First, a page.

Advice 7: Make Your Code Public, if Possible

If you are brave enough, you might want to publish the custom code you used for your publication (e.g., Hermes et al., 2014). This permits other researchers not only to validate your code, but also to replicate your analyses (Brunet et al., 2014). Admittedly, publishing code is of limited use when the data it uses are not published, which is the case with most neuroimaging studies to date.

Advice 8: Use Source Management Systems

The use of source management systems (e.g., https://github.com/) makes the management of code versions easy. Version control systems permit researchers to document their changes and compare between versions; critically, they permits a researcher to establish exactly when a certain change (or bug) was introduced in the code.

Concluding Remarks

This paper provided practical advice on minimizing bugs in cognitive neuroscience data analysis programming (see, summary in Table 1). Probably the most important take-home message is not to assume that the code you write is bug-free; that is, even a small piece of relatively simple code may contain a bug that could lead to incorrect results. Therefore, it is important not to be complacent and to take steps that can prevent such failures.

TABLE 1
www.frontiersin.org

Table 1. Summary of actions that can be taken to improve the code.

Conflict of Interest Statement

The author declares that the research was conducted in the absence of any commercial or financial relationships that could be construed as a potential conflict of interest.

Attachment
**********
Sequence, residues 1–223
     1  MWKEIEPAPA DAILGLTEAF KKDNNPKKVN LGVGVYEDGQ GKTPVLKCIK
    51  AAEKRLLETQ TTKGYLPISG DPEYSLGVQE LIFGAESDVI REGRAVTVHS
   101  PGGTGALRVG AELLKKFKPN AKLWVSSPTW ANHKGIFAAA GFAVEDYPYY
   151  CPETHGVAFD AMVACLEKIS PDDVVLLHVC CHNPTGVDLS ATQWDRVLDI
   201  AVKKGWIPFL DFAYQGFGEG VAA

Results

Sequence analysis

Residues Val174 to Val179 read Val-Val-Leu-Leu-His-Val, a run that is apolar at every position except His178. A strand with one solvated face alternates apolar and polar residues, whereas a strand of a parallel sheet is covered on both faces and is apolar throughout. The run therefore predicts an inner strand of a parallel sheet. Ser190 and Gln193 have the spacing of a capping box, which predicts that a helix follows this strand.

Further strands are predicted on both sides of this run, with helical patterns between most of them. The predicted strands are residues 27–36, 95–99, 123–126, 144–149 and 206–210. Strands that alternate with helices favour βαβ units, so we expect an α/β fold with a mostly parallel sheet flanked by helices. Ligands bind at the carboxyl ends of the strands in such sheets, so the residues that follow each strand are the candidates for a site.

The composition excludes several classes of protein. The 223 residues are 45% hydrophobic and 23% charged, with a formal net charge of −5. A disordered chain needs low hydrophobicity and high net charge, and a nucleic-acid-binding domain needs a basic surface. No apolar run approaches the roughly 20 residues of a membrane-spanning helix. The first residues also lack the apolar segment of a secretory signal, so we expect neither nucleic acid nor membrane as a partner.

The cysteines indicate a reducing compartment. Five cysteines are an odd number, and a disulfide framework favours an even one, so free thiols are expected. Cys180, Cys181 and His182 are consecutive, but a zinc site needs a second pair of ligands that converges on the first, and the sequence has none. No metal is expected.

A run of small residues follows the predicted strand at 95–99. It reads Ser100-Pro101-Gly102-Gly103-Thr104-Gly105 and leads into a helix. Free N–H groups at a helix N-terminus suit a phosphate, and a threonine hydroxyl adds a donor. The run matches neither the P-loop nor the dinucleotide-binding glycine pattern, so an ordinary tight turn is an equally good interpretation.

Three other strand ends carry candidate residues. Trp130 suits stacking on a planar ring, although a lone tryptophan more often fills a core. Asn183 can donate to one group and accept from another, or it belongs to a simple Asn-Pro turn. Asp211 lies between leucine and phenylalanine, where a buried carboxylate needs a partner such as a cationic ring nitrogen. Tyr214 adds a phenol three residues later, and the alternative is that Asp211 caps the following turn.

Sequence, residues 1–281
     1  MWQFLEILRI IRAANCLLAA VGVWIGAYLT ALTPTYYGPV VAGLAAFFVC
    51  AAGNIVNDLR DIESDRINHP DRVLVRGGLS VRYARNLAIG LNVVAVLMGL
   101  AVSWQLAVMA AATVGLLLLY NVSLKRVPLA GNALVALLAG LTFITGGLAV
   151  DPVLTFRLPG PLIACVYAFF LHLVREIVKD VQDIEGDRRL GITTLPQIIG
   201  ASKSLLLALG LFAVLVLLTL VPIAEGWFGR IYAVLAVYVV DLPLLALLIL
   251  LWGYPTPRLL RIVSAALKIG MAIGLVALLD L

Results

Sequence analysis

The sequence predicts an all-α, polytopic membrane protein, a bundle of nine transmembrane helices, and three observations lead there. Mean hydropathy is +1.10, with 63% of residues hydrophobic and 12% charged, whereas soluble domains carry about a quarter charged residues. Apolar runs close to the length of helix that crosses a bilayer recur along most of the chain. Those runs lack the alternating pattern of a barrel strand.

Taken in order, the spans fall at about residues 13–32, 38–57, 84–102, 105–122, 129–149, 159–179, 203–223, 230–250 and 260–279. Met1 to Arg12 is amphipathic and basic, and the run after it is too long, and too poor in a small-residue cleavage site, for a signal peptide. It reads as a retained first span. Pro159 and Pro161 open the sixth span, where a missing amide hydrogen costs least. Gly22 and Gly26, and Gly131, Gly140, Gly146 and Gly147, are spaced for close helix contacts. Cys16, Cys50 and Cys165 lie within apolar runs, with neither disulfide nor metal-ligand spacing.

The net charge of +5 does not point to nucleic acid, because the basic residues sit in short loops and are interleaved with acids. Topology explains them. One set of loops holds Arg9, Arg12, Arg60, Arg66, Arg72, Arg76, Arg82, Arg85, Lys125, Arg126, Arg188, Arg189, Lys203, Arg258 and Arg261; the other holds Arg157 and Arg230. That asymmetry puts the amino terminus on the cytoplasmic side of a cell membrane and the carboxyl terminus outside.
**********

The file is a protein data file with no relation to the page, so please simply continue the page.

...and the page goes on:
Acknowledgments

I thank Benjamin de Haas, Samuel Schwarzkopf and two reviewers for valuable suggestions.

Supplementary Material

The Supplementary Material for this article can be found online at: http://www.frontiersin.org/journal/10.3389/fpsyg.2014.01435/full

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Keywords: programming, bugs, code quality, minimizing errors, code testing

Citation: Axelrod V (2014) Minimizing bugs in cognitive neuroscience programming. Front. Psychol. 5:1435. doi: 10.3389/fpsyg.2014.01435

Received: 31 October 2014; Accepted: 24 November 2014;
Published online: 17 December 2014.

Edited by:

Michael J. Tarr, Carnegie Mellon University, USA

Reviewed by:

Pierre Bellec, University of Montreal, Canada
John A. Pyles, Carnegie Mellon University, USA

Copyright © 2014 Axelrod. This is an open-access article distributed under the terms of the Creative Commons Attribution License (CC BY). The use, distribution or reproduction in other forums is permitted, provided the original author(s) or licensor are credited and that the original publication in this journal is cited, in accordance with accepted academic practice. No use, distribution or reproduction is permitted which does not comply with these terms.

*Correspondence: vadim.axelrod@gmail.com